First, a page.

Polycrystalline Solar Panels Prices
Difference of Polycrystalline Solar Panels
Polycrystalline Solar Panels can be easily identified by the coloring of the panels. A crazing paving like structure is visible with uneven color tones, this is caused by the multiple mis-shaped silicon crystals.
Of the main types of solar panels, polycrystalline solar panels are less efficient than other types, such as monocrystalline and amorphous solar panels, however recent developments in solar panel engineering are making these differences negligible. Each solar cell within a polycrystalline solar panel is comprised of multiple silicon crystals, hence the name. The gaps between the silicon crystals leads to a small amount of wasted space where the solar radiation cannot be absorbed by the crystals, and is instead converted into heat energy rather than electrical energy. This also means that during periods of partial shade some crystals can completely stop producing electricity, something which does not happen in other types of solar panel. This loss of power generation may be problematic if the panels are partially shaded during the day. These solar panels also have a lower efficiency at high temperatures when compared with other types of solar panel, although the loss only becomes noticeable at temperatures above 120 Fahrenheit.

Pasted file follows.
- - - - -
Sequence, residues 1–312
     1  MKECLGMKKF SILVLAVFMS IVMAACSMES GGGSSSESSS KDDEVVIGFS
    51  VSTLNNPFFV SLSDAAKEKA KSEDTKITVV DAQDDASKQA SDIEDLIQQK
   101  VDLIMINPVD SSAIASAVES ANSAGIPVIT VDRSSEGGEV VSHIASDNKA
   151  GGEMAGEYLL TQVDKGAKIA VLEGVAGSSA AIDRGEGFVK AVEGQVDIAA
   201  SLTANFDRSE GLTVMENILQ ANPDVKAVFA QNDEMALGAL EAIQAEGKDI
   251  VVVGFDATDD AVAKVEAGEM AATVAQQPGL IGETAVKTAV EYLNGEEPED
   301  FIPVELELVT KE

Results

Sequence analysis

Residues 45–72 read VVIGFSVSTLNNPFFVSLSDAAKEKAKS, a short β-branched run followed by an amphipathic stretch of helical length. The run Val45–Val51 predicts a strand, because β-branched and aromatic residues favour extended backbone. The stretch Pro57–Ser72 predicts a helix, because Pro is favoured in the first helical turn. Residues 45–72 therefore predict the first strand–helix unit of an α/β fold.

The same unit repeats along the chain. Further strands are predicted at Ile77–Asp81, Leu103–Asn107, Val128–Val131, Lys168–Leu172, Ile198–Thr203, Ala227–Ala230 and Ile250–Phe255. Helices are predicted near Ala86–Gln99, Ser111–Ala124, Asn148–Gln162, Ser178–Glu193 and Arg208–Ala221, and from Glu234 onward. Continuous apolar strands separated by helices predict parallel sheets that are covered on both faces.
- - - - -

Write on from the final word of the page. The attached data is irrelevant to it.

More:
Cost of Polycrstalline panels
These drawbacks however are reflected in the price, as polycrystalline solar panels are usually much less expensive than monocrystalline and amorphous panels, this is in part due to the ease of manufacturing the crystals, but also due to the large scale production of the polycrystalline silicon needed to grow the crystals. The difference in cost for the unit greatly outweighs the small loss in efficiency. Pricing for Polycrystalline panels average around - per Watt as of 2011. although this is expected to slowly fall as demand increases. Polycrystalline panels have the same average lifetime as monocrystalline panels at 25 years which is also the standard warranty period, however the panels should continue to produce power for 50 year although at a lower capacity.
Future growth potential
The low cost of polycrystalline solar panels, coupled with their minimal drawbacks versus monocrystalline and amorphous solar panels has lead to their widespread use amongst small scale solar power generation projects, in homes, schools and small businesses. The cost however has not yet reduced to the point where it is dominant in large scale generation projects. However Industry and government subsidies are expected to reduce the costs even further over the next decade.